Summer 2016

If you think World War II ended in 1945, Harry & Arthur: Truman, Vandenberg and the Partnership that Created the Free World is a book for you. Taking readers through the politically, economically, socially, and militarily difficult wars that continued after VE Day, Harry & Arthur is also a well-crafted, sympathetic look at a time […]

Water in Israel: Never Waste a Good Opportunity

Spring 2016

This book will make you cry. Or stamp your feet or beat your head against a wall. The narrative is familiar. Israel, a (once) poor country in the middle of an arid space, surrounded by enemies, finds a way to make the desert bloom. Then, Israel finds a way to extend what it learned about […]

ISIS: Inside the Army of Terror

Winter 2016

After 9/11, Americans learned a lot about the Arab/Muslim world: the divide between Sunnis and Shiites; secular and religious – including the secular anti-Assad rebels and the religious jihadists in Syria; Arabs and Persians; and nationalists and pan-Arabs. We learned that President Bush created ISIS by invading Iraq and that President Obama created ISIS by […]

Balkan Ghosts

Fall 2015

How Do You Divide Up the Past? Why go back and read a book whose locus is outside the Middle East/Persian Gulf region and written before most of the current crises were crises? Because politicians have treated the disintegration of borders in the Middle East and the bloodcurdling advance of ISIS as previously unseen phenomena, […]

The Hundred-Year Marathon

Summer 2015

China’s Context and America’s You want to root for a book written as a mea culpa for forty years of government service in which the author provided what he now considers bad advice. You particularly want to root for it when it provides something of a corrective for that advice. And even more when it […]

Making David into Goliath

“Sticks and Stones” Friends and supporters are pleased when pro-Israel information appears in the press or social media. They spread it around and hope it will take some of the edge off the growing swamp of nasty charges and commentary about Israel as an “apartheid” state, or a criminal enterprise, or even a Nazi-like regime. […]

The End of Greatness

Winter 2015

Grading Presidents “Whether one agrees with his conclusions or not…” “I doubt many readers will agree with all of his arguments – I don’t…” “You may disagree with him at times, as I did…” That’s three out of the four book jacket blurbs on Aaron David Miller’s new book, The End of Greatness: Why America […]

The Rebellion of Ronald Reagan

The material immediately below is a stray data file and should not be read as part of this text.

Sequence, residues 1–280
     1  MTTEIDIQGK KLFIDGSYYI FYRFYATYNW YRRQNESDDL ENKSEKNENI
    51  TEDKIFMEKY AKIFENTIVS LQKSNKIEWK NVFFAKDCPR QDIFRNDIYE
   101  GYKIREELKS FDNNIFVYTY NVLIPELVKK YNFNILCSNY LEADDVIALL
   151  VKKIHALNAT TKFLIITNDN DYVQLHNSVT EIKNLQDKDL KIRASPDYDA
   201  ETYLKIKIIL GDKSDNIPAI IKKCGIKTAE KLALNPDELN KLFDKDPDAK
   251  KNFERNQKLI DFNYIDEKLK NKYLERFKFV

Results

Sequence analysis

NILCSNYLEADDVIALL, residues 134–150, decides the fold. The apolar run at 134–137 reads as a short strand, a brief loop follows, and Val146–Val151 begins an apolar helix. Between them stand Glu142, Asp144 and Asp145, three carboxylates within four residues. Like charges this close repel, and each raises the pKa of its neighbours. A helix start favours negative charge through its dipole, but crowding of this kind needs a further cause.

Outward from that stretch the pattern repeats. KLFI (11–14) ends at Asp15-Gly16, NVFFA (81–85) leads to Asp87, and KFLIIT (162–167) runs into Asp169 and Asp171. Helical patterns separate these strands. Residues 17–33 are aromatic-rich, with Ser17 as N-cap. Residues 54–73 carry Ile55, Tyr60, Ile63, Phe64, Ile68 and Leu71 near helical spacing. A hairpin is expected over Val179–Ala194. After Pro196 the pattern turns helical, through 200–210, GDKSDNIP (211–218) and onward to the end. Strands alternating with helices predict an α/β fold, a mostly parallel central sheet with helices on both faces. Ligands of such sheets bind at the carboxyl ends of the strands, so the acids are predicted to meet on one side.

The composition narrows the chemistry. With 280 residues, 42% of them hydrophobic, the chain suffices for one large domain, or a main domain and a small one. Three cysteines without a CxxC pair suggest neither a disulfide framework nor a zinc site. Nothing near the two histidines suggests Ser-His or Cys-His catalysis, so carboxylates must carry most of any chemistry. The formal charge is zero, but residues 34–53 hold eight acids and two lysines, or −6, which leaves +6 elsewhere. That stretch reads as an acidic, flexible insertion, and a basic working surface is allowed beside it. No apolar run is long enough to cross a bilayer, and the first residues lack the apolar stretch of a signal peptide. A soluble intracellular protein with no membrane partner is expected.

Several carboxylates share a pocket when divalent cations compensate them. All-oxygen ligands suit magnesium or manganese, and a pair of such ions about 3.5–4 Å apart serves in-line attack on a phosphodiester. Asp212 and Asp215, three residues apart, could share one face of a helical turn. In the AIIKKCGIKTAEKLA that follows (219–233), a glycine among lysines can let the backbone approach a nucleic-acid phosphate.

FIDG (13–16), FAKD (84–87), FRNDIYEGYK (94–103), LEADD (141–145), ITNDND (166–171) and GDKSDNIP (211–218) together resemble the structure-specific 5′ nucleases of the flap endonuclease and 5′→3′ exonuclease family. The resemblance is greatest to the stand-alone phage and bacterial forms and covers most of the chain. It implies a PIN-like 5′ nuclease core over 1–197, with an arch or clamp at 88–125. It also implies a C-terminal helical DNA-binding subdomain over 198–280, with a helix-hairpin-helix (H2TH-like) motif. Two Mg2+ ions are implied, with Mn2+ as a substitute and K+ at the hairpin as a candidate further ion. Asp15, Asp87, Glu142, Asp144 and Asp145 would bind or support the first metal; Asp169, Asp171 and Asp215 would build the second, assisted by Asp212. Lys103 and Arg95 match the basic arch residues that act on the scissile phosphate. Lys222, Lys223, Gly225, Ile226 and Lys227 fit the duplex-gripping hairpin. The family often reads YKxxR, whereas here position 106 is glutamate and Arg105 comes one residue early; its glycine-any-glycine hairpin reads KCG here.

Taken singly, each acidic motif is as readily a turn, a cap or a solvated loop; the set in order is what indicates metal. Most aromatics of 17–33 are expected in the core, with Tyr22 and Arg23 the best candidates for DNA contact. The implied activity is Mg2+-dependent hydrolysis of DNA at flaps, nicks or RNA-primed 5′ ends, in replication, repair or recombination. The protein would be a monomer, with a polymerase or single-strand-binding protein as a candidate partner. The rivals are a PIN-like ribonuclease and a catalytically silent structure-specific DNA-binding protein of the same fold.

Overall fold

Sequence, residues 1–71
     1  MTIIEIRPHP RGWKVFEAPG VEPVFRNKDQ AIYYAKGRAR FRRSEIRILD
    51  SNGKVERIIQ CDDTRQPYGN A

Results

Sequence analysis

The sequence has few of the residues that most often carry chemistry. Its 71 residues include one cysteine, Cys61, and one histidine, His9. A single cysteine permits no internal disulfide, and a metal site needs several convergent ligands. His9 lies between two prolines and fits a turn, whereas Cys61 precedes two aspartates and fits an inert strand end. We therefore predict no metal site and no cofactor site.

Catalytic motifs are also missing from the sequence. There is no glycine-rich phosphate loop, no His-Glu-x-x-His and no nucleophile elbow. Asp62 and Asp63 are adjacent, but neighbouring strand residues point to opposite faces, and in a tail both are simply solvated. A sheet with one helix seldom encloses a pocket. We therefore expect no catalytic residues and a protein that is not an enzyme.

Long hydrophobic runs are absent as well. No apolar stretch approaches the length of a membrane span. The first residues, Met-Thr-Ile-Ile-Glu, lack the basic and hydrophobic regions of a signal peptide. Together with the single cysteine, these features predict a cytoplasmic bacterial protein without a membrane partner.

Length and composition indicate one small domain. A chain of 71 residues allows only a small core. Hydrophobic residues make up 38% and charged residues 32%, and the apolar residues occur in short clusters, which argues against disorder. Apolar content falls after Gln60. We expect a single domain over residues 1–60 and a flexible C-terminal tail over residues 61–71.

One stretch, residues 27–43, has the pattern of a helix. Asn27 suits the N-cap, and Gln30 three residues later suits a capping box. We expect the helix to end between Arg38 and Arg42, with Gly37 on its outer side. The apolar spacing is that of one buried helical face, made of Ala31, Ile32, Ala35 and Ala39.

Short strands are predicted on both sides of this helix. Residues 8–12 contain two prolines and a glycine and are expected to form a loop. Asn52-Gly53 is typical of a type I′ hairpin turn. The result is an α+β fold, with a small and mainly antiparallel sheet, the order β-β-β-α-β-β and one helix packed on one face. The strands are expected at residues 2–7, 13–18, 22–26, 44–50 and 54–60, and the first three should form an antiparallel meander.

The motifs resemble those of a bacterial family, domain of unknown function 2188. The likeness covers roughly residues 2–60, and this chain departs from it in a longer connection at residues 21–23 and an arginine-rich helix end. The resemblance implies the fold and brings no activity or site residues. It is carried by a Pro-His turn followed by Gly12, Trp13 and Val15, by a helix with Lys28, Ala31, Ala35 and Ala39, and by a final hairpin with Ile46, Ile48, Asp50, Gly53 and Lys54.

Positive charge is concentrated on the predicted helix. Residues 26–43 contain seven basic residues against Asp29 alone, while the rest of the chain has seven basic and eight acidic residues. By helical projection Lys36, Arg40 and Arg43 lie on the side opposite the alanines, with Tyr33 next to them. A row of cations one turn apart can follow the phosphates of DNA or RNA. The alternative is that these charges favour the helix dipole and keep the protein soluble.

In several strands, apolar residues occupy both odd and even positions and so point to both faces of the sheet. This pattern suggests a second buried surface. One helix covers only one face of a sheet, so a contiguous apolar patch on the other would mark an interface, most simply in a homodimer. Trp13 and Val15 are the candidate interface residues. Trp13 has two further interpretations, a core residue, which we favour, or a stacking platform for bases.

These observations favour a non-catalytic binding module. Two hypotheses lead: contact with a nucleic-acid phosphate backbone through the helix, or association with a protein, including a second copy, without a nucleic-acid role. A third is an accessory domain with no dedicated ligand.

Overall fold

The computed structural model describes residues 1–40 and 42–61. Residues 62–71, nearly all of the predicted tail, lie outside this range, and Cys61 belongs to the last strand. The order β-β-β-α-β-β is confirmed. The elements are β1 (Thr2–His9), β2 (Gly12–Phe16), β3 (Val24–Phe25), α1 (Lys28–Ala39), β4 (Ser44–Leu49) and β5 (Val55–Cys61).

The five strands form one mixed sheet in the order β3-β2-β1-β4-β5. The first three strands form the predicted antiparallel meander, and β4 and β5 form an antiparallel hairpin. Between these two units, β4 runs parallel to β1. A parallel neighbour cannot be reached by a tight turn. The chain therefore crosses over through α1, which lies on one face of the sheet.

Fall 2014

Ending the Cold War Without A Bang Who won the Cold War? It’s not a question that arises about World War II, the Napoleonic Wars or the American Civil War. But when the Cold War, communism, and the Soviet Union disappeared without a shot, pundits had a free hand theorizing precisely which act by which […]

The Impossible State

Summer 2014

What America Never Sees Perhaps with the withdrawal of American focus from the Middle East, Southwest Asia, and South America, what remains is for the international community to focus on North Korea. With a few exceptions—notably Claudia Rosett of FDD, and AEI’s John Bolton—North Korea has been largely ignored until recently, showing up mainly as […]

War Front to Store Front

Spring 2014

One Slice of the Iraq War Americans, by a fairly wide margin, tell pollsters that the Iraq war “wasn’t worth it.” This reflects, perhaps, an isolationist sentiment and desire to ignore a divisive and painful episode—a public more interested in “cocooning” than in foreign policy. The public can turn away and does. Policymakers and analysts, […]

Implosion: The End of Russia and What it Means for America

Winter 2014

It takes a certain chutzpah to write a book that announces something will—or won’t—happen, and that if it does or does not happen the world will look considerably different than it does today—or not. This is not like predicting snow for Thursday. But Ilan Berman’s Implosion: The End of Russia and What it Means for […]

Top Secret America

Fall 2013

Fear of Terrorism Versus the Loss of Freedom Exploding expenditures. Indefinite expansion of the Department of Defense. An unprecedented fear of an enemy that could strike anywhere, anytime without warning. These are no longer the results of two embattled superpowers waging a Cold War. This is the rise of the new American security state. This […]

Hitlerland

Summer 2013